How to dry aromatic herbs to make teas and how to make different tea combinations

Oct 21, 2015 | Learn | 0 comments

Now that the autumn has set in, there is nothing better than some warm tea especially if it also solves some of our pains. After all aromatic herbs have always had an important role in traditional medicine for its healing properties.

Teas can be made with fresh leaves, but to better take advantage of what the garden offers us the best is really to dry the leaves to be able to enjoy and drink tea during autumn and winter. To do this cut up the branches with scissors, take out any insects or damaged leaves, make small bunches and tie with sisal rope. Then just hang in a dry dark place. The leaves are dry when they are crisp and crumble easily. Then you just need to cut the leaves and store them in glass jars (or in vacuum plastic bags if you want it to last even longer).

The good thing about herbs is that you can make different kinds of tea combinations, and baths as well. In our online store we sell verbena, perfect for an after-meal infusion. Here are some other suggestions of combinations that you can do (if you don’t have a garden you can still buy dried leaves in specialty stores and do it at home):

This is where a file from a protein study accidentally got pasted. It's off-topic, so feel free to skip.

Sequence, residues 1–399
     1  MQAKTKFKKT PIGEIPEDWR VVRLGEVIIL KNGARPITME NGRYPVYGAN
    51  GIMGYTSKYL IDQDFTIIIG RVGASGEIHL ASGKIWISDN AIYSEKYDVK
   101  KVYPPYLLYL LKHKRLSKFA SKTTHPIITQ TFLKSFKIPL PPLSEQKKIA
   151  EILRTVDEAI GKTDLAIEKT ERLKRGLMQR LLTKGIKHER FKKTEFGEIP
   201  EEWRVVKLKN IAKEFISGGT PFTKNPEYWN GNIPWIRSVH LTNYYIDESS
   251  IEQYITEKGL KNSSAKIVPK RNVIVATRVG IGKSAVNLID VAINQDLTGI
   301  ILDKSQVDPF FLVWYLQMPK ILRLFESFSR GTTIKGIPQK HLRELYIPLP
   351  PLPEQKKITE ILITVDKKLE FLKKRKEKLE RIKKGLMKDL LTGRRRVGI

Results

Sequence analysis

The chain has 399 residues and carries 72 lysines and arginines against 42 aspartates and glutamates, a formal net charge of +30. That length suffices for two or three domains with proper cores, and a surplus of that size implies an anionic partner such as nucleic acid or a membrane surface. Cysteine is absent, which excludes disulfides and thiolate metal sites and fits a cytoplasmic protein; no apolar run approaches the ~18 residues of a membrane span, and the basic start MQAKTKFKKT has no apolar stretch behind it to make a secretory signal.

Tea for a better digestion – Verbena, Anise, Mint and Malva

A purifying and diuretic tea – Dandelion, Dill, tarragon, chamomile

A tea to stimulate the appetite – Basil, Marjoram

For colds and flu – Bergamot

A soothing tea – Lemon Balm, Purslane

For really bad tummy issues – Oregano, Thyme

For anemia and exhaustion – Saffron

A great tea to sooth children – Fennel tea

And a great bath for those who have trouble relaxing – Lavender and Valerian (but beware some people have fallen asleep on the tub!)